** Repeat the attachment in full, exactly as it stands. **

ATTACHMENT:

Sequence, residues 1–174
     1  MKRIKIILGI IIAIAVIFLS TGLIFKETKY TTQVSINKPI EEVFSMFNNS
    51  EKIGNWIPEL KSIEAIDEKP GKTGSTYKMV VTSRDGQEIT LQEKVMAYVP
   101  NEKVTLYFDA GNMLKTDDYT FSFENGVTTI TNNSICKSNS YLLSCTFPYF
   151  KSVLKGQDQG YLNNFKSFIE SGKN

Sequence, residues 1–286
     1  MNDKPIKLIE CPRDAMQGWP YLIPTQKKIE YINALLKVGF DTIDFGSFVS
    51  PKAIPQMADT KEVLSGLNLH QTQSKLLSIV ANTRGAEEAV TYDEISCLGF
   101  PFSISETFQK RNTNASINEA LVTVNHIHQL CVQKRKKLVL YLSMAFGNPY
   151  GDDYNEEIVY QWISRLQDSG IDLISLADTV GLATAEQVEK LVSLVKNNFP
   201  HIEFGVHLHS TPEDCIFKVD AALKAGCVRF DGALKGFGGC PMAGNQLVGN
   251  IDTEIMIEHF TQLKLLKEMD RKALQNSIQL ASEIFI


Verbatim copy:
Sequence, residues 1–174
     1  MKRIKIILGI IIAIAVIFLS TGLIFKETKY TTQVSINKPI EEVFSMFNNS
    51  EKIGNWIPEL KSIEAIDEKP GKTGSTYKMV VTSRDGQEIT LQEKVMAYVP
   101  NEKVTLYFDA GNMLKTDDYT FSFENGVTTI TNNSICKSNS YLLSCTFPYF
   151  KSVLKGQDQG YLNNFKSFIE SGKN

Sequence, residues 1–286
     1  MNDKPIKLIE CPRDAMQGWP YLIPTQKKIE YINALLKVGF DTIDFGSFVS
    51  PKAIPQMADT KEVLSGLNLH QTQSKLLSIV ANTRGAEEAV TYDEISCLGF
   101  PFSISETFQK RNTNASINEA LVTVNHIHQL CVQKRKKLVL YLSMAFGNPY
   151  GDDYNEEIVY QWISRLQDSG IDLISLADTV GLATAEQVEK LVSLVKNNFP
   201  HIEFGVHLHS TPEDCIFKVD AALKAGCVRF DGALKGFGGC PMAGNQLVGN
   251  IDTEIMIEHF TQLKLLKEMD RKALQNSIQL ASEIFI